Tom Hanks reveals the strange way he ended up being cast in his starring role in 1984’s Splash. Directed by Ron Howard, Splash is a fantastic romantic comedy that tells the story of a young man, Allen (Hanks), who falls in love of Madison (Daryl Hannah), the mermaid who saved his life as a child. In addition to Hanks and Hannah, the film also features performances by John Candy, Eugene Levy, Shecky Greene, and Dody Goodman, among others. Splash was both a critical and commercial success, earning praise for Howard’s direction and the charming performances of Hanks and Hannah.
In a recent interview on The Jess Cagle Show (via EW), Hanks recalls that it was actually his guest-starring role on an episode of Happy Days in 1982 that led to his casting in Splash.
Hanks stars as Dwayne Twitchell in the episode “A Little Case of Revenge” as a former classmate of Fonzie’s (Henry Winkler). After spending decades holding a grudge against Fonzie, things come to a head in the episode where Dwayne, a karate expert, kicks Winkler’s character through a window. It was this memorable scene, Hanks reveals, that led to his role in Splash. Check out Hanks’ recollection of the events below:
“I kicked Fonzie. I dressed up in a judo and karate suit. And I think I’m legendary the first guy to really hit Fonzie. I kicked him through the window at Al’s Drive-in.”
“Ron Howard had already left [Happy Days], and he was directing, and they had written this movie called Splash. And he was at Disney, and nobody wanted to work for Disney, and nobody was going to take the job. And finally they said, “Hey, this guy who kicked Fonzie through a flat glass window might be good.” And so I ended up auditioning for that.”
How Splash helped make Tom Hanks a star
Prior to Splash, Hanks had only appeared in one other feature film, a horror film titled He Knows You’re Not Alone in 1980 in which he appears briefly as a cute potential love interest. In Splash, however, Hanks takes center stage, fully displaying the charm and charisma that have since become synonymous with the actor. Hanks would go on to star in several more films in the mid-80s, but it wasn’t until 1988’s Big that another film was truly able to capitalize on his on-screen likability and presence. While Splash has since been overshadowed by a number of other films in Hanks’ impressive filmography, it was truly the first time that Hanks was able to showcase his unique talent as a leading man to a large audience.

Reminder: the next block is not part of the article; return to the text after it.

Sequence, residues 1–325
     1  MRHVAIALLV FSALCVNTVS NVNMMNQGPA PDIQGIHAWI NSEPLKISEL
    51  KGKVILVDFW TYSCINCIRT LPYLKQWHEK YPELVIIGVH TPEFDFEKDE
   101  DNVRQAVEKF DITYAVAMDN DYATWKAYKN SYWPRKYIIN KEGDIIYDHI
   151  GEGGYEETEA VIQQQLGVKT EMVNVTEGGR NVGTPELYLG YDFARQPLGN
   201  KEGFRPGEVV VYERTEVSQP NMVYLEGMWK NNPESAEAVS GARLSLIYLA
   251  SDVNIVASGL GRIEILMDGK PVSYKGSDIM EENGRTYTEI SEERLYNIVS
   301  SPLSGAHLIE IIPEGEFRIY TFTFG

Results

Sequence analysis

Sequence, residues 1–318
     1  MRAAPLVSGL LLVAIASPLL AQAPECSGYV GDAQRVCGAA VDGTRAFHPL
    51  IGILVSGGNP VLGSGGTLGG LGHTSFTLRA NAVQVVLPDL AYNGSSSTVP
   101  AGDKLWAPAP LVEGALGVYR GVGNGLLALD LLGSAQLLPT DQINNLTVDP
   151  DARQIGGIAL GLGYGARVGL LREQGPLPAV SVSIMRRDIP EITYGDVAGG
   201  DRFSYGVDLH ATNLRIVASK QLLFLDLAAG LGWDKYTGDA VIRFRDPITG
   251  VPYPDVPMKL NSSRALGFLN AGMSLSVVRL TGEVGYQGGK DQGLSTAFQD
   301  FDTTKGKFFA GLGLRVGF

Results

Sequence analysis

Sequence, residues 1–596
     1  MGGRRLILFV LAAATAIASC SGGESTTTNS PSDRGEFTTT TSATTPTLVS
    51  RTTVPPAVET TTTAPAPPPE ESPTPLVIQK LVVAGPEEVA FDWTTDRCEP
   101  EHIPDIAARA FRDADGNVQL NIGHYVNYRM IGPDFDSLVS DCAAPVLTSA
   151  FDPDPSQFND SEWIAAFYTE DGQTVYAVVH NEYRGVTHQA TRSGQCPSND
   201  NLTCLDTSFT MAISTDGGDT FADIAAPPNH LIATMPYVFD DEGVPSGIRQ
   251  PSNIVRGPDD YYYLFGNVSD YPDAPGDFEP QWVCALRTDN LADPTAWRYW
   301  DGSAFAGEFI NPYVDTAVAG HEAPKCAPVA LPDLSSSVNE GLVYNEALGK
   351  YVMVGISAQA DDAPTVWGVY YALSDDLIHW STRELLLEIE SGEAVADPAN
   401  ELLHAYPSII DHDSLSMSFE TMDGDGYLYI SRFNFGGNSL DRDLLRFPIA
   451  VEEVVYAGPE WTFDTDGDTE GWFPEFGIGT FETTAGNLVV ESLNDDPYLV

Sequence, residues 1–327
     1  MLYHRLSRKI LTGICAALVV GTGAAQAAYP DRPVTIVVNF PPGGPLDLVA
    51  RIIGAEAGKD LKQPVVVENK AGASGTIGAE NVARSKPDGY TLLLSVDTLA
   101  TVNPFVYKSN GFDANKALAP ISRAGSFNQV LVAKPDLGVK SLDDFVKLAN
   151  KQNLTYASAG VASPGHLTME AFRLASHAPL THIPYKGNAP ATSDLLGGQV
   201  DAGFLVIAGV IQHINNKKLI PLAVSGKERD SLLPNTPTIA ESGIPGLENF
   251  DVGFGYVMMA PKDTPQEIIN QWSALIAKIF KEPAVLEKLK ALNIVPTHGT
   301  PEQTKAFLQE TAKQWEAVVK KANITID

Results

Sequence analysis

After Splash and Big, it was essentially out of the race for Hanks. The actor would appear in a number of films in the 1990s which, while not all of them successful or even good, further solidified his movie star persona. Lesser Hanks’ films like The ‘Burbs and Turner & Hooch soon gave way to bigger hits like A League of Their Own and the timeless Sleepless in Seattle. After Philadelphia comes 1994’s Forrest Gump, a film that, while very different from Hanks’ previous roles, probably doesn’t really work without the actor’s involvement. While Splash and Forrest Gump couldn’t be more different as films, Hanks’ charm and charisma are a crucial ingredient to both.
Splash was released nearly 40 years ago and Hanks has obviously evolved a lot as a movie star, but his inherent likability remains as strong as ever. Now, instead of being the glamorous love interest in the movies, Hanks has channeled his charisma into parts that often make him a father figure. While the actor now has dozens of performances under his belt that are perhaps more memorable than those in Happy Days and Splash, it’s his role in the latter that is largely responsible for the movie star he is today — and that’s all because he kicked Fonzie through a window!
Fonte: The Jess Cagle Show (tramite EW)